Blessed are the peacemakers

Bravo to Canadian writer Jonathan Garfinkel for giving us Ambivalence– Crossing the Israel/Palestine Divide, which is an account of his travels in the Mideast in search of Capital T Truth. Like most books of this type, it recounts much more than just the physical journey — Garfinkel traverses memory, politics and culture, traveling miles from his Zionist-Canadian roots.

ambivalence.jpgThis is a brave effort; one wonders what sort of personal fallout the book is going to create for Garfinkel. Needless to say it’s not going to make it as a ‘Heather’s Pick’ at Chapters-Indigo, and there will be some on the pro-Palestinian side who will criticize him for moving only to a state of ambivalence on the issue — not outrage.

But one shouldn’t underestimate the scope and meaning of such a shift in perspective.

The ideologies and prejudices that get hardwired into us as children are often those to which we cling most tenaciously. We don’t get to choose the time, place or culture into which we’re born, nor do we get much say in our earliest encounters with some of the most influential people in our lives.

These include teachers. Garfinkel borrows from a fiction writer’s toolkit in creating a composite character of just such a dominating and influential personality — Mrs. Blintzkrieg. She haunts and taunts his thinking long after he leaves the grade school Zionist classroom she ruled. She is an effective device, the physical manifestation of childhood indoctrination who pops in and out of the story to express her disappointment in her former student.

“Ah, the Blintzkrieg complex. I suppose what’s most unsettling about her is she makes the questions I ask about Israel feel like the ultimate act of betrayal; critical thought is equal to being a Nazi or a terrorist. The Blintzkrieg-in-the-head: ‘What do you know, you foreigner, you Diaspora Jew? While we stay here and fight your wars – yes, every war we fight in Israel is for all Jews all over the world – you stand back and criticize us. Like a typically spoiled North American liberal’.”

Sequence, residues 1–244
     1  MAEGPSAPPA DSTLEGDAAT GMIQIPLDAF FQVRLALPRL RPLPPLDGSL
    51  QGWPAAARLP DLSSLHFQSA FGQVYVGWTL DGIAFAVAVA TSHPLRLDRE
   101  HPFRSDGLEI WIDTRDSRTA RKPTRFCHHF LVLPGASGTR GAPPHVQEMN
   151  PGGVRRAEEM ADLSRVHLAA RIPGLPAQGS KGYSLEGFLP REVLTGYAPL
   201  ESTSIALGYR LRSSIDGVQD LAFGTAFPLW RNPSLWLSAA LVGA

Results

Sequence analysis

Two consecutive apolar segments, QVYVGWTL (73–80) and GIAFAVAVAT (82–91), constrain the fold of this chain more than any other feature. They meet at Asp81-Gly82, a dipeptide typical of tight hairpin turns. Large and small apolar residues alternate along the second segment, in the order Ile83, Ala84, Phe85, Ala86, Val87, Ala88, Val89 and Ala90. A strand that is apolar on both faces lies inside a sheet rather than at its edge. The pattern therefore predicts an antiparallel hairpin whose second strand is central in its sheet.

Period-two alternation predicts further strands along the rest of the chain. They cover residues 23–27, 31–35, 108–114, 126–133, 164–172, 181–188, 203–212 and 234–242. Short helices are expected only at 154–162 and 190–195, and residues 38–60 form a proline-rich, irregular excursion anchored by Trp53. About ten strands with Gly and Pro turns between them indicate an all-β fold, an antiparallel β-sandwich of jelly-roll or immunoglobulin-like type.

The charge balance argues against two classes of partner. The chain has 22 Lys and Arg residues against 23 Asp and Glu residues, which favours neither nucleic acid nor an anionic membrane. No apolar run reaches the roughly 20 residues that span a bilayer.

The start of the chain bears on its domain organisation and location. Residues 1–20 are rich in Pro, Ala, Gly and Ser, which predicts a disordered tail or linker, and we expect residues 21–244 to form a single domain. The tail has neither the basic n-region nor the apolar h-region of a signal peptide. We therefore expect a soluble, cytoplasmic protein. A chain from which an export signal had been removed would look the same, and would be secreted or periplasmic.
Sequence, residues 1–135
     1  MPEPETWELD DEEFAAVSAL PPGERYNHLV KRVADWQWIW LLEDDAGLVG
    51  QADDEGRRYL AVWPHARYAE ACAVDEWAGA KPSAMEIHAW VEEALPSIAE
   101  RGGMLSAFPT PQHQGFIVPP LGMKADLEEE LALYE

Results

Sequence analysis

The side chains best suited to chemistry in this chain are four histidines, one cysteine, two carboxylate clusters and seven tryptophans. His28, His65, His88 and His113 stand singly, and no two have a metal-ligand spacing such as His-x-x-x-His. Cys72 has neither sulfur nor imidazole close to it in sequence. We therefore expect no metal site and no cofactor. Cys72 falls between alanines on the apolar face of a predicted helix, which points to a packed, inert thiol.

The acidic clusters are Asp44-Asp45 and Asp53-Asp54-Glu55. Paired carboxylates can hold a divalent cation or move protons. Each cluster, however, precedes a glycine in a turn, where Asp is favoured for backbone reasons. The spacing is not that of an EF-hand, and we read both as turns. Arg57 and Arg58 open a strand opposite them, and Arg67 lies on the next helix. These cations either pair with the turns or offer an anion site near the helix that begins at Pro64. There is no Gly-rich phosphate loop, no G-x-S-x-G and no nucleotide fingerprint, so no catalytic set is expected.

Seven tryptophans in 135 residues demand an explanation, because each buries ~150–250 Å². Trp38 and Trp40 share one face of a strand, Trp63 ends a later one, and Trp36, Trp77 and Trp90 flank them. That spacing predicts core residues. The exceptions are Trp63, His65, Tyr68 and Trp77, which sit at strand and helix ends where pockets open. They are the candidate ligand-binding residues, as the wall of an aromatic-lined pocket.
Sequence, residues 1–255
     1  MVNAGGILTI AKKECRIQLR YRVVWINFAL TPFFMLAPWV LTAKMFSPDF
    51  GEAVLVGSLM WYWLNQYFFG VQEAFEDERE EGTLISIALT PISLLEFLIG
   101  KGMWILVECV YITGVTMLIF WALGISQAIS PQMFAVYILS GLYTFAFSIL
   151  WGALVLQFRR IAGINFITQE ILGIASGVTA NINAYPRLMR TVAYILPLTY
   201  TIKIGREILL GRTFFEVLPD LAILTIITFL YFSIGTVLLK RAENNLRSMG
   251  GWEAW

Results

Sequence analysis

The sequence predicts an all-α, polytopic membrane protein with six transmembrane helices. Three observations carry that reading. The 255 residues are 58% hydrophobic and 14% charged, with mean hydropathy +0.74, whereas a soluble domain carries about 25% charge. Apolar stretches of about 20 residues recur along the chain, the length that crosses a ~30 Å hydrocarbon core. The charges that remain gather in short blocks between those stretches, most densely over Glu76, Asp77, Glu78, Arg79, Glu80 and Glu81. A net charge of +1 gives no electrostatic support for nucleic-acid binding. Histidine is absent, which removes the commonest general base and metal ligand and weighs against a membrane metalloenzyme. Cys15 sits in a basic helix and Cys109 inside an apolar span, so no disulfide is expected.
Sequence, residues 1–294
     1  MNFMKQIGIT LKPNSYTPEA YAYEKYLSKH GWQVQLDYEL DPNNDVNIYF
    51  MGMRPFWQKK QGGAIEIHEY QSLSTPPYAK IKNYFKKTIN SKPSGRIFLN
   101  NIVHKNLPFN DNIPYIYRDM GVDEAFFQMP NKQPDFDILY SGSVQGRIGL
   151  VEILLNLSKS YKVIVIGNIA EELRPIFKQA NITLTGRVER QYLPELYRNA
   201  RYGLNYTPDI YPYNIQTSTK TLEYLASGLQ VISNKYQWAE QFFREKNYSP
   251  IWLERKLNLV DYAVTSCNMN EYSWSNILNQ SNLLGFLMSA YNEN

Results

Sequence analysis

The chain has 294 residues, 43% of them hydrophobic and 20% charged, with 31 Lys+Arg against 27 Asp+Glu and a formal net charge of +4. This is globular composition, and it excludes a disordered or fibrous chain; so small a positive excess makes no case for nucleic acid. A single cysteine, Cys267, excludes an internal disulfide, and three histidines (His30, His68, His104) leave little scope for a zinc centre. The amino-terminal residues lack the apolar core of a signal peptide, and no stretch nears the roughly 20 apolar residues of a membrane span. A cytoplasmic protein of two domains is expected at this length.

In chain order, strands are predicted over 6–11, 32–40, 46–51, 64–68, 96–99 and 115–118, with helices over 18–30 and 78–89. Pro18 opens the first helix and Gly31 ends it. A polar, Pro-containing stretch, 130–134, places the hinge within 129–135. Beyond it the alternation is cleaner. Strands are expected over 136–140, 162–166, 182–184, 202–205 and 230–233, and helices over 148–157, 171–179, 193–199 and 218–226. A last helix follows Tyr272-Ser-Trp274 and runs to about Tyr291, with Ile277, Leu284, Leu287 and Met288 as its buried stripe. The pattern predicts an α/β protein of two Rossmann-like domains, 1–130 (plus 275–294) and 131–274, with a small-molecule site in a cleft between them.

The old tapes keep playing, but Garfinkel continues to seek understanding while confronting the realities of the Israeli Occupation.

There are other effective passages, such as a bit of Hunteresque reportage on some chance meetings with a couple of outsized characters in Jerusalem shortly after he arrives. He also has an eye (and ear) for detail:

“There wasn’t enough room in the old city so many Jews started to live in what is now called Central Jerusalem. In the 1960s and 1970s it was a real artists’ hangout. Now it’s becoming more and more religious. There’s a synagogue on every corner. Walk through the streets and you’ll hear the same prayers sung in myriad ways — the Yemenite wail, the Shlomo Carlbach hippie riff, the Ethiopian chant, the Ashkenaz dirge. The words are mostly the same, but each melody varies so much it’s difficult to imagine it being the same prayer.”

Although Garfinkel has a couple of volumes of poetry to his credit, any traces of stylistic gloss are overshadowed by the weight of the subject matter. Discussions of the Occupation vary only in the different layers of tragedy and suffering they reveal.

I should probably get my own cards on the table: I visited Israel in 2005 with the humanitarian aid agency Canadian Lutheran World Relief and came away appalled at the conditions under which Palestinians are forced to live, shocked at the distortions rampant in the Western media, and saddened by the world’s continuing indifference. (See:

As Rabbi Michael Lerner noted in his Globe and Mail review of Ambivalence: “The Jonathan Garfinkels of the world will be increasingly ambivalent about their Jewish identity until a community emerges that can affirm the unity of all being and the oneness of humanity, and abandon its insistence that anyone who cares for Palestinians is either a ‘self-hating Jew’ or an anti-Semite.”


And Shalom.

The Apartheid Wall.


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